When Ronseal (British wood stain manufacturer) came up with the advertising slogan ‘it does exactly what it says on the tin’, they probably didn’t realise they had invented a colloquialism that would enter lexicon as a way of describing something that is, erm, exactly as described. Football’s handball rule should be a sporting equivalent of Ronseal – if the ball hits a player’s hand then it’s handball, right?
Well, yes. Or, maybe no. It depends. As if that wasn’t mind-boggling enough, players can also be penalised for handball when the ball strikes their arm in a certain position. Confused? You should be. Let’s take a closer look at football’s handball rule to find out exactly what constitutes handball and which ‘ball to hand’ scenarios are overlooked.
What Is a Handball in Football?
The International Football Association Board (IFAB) is tasked with coming up with the rules of football, and they have tried their best to make what should be an uncomplicated rule as nuanced and as complex as possible. Once upon a time, a handball offence was committed when a player deliberately blocked the ball with their hand or any part of their arm below the shoulder.
Nowadays, the handball rule has even more layers applied to it. If the ball touches a player’s hand/arm – even unintentionally – when their hand/arm has made their body ‘unnaturally bigger’ in an unnatural position, they will also be penalised.
A definition of that, as per IFAB, reads: ‘A player is considered to have made their body unnaturally bigger when the position of their hand/arm is not a consequence of, or justifiable by, the player’s body movement for that specific situation.’ This is often seen when a player thrusts their arms outwards when blocking a cross or trying to win an aerial duel.
Match officials are also far less likely to overlook accidental handball these days – particularly if the infringement leads to a goal being scored. A free kick will be awarded for handball, or a penalty if the infraction takes place inside the 18-yard box. A player can be cautioned or even sent off for deliberate acts of handball, too.
What Constitutes Handball?
So we know what handball is given for, but what part of the arm does it refer to? The hand, of course, is a given, while new guidelines from IFAB to match officials confirm that the ‘t-shirt rule’ should be applied – if the ball hits the arm below where the shirt of a t-shirt would fall, then it’s considered handball. There’s a handy visual aid on the Football Association website:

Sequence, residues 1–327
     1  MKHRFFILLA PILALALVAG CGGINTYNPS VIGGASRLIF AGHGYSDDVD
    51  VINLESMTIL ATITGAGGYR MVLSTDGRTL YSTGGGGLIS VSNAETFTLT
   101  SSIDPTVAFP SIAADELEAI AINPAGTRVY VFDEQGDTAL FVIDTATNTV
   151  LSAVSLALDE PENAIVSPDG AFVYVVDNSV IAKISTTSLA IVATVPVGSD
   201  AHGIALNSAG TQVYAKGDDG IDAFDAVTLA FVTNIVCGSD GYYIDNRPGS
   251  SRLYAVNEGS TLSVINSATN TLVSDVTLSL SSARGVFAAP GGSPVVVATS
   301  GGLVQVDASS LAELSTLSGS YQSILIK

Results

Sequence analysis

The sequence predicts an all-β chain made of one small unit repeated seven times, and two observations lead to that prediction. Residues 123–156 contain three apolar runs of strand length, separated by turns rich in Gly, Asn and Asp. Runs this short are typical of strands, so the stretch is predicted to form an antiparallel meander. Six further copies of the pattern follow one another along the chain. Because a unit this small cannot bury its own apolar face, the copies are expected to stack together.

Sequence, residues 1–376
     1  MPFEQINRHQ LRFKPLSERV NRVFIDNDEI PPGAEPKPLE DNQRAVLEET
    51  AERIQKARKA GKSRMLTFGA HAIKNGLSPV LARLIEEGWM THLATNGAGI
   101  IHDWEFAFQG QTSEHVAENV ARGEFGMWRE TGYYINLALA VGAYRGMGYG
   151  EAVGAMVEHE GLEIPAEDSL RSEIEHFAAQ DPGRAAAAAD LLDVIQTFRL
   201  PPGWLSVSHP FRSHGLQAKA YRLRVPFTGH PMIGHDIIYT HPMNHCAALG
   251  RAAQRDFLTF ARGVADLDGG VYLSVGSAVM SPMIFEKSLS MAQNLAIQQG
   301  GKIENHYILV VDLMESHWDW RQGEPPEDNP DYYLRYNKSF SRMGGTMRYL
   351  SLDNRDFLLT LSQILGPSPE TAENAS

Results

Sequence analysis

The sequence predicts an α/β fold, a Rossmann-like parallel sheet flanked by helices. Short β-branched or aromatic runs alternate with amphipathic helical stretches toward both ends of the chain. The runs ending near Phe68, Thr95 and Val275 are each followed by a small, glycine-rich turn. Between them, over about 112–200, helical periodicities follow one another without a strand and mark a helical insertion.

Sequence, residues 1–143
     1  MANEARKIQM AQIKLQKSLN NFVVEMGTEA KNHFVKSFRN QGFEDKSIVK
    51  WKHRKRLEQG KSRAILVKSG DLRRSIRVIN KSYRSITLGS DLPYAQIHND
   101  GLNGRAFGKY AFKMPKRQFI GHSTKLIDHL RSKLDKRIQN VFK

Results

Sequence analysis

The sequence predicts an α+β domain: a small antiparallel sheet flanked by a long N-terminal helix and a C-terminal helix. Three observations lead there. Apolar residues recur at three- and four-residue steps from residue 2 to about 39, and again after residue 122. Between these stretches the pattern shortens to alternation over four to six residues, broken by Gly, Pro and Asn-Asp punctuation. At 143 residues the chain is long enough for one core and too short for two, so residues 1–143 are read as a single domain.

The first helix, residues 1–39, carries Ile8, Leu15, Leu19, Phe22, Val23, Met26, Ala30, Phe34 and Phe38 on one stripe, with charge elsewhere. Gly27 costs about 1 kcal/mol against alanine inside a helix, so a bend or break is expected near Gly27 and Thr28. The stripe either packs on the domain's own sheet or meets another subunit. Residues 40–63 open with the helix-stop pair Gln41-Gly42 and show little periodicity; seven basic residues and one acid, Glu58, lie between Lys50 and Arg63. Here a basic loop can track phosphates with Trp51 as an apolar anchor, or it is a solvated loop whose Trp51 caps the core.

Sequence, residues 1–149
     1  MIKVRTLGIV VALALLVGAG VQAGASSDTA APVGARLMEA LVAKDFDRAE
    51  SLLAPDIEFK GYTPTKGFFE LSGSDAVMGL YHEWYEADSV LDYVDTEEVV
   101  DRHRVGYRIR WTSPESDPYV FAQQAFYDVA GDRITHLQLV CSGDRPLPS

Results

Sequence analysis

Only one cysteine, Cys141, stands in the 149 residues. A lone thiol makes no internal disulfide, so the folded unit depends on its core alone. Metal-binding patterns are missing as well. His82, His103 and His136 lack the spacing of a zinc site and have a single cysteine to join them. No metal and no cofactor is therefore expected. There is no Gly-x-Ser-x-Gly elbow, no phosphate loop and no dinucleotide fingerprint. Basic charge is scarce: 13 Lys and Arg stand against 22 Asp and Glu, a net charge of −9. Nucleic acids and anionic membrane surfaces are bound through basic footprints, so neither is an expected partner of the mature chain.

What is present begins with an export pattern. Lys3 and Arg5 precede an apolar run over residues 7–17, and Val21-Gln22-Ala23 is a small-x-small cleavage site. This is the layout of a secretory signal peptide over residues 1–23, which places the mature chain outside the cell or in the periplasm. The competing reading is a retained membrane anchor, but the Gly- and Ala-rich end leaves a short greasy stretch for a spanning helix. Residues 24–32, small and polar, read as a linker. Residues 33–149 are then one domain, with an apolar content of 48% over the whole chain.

Football’s handball rule should be completely simple in its understanding and implementation, but the sport’s officiators have come up with t-shirt lines and ‘unnaturally big bodies’ to make the most basic of laws unnecessarily complicated.
Handball vs Ball to Hand
Even though match officials are watching for handball like a hawk, there are some instances in which they will let an incident pass by. When the ball strikes the hand/arm of a player unintentionally and they are in a ‘natural’ position that doesn’t make their body bigger, i.e. their arm flat to their side, then it will likely be decreed as ‘ball to hand’ – from which play will continue without punishment.
In other instances, a player will be struck by a ball travelling at such speed that they simply won’t be able to move their hand/arm out of the way in time – again, this is construed as ball to hand. Other times, a player may put their hand down to break their fall, if they are performing a sliding tackle for example. In this case, they will likely be cut some slack if the ball does strike them on the hand or arm.
Can a Goalkeeper Handle the Ball?
As you probably know, the goalkeeper is the only player on a football pitch that is allowed to handle the ball. But even then there’s caveats. They are only allowed to handle the ball inside their own penalty area – if they advance outside of the box and touch the ball with hand or arm, a free kick will be given and the keeper is liable to be yellow cared or worse.
Even in certain cases inside of their box, they could be penalised for picking up the ball. The back pass rule, introduced in the 1990s, made it an infringement for a goalkeeper to pick up the ball when it was passed to them by a teammate – unless they had headed it back to them.
It doesn’t happen very often these days, but there’s some legendary clips of indirect free kicks being awarded against a goalkeeper inside the penalty area in days of yore – with defenders tasked with blocking the resulting shot being powered at them from a matter of yards away.
A goalkeeper also cannot drop the ball at their feet and then pick it up again – this is effectively handball, and an indirect free kick will be awarded to the opposition. Another player on the field must touch the ball before the keeper is allowed to handle it again.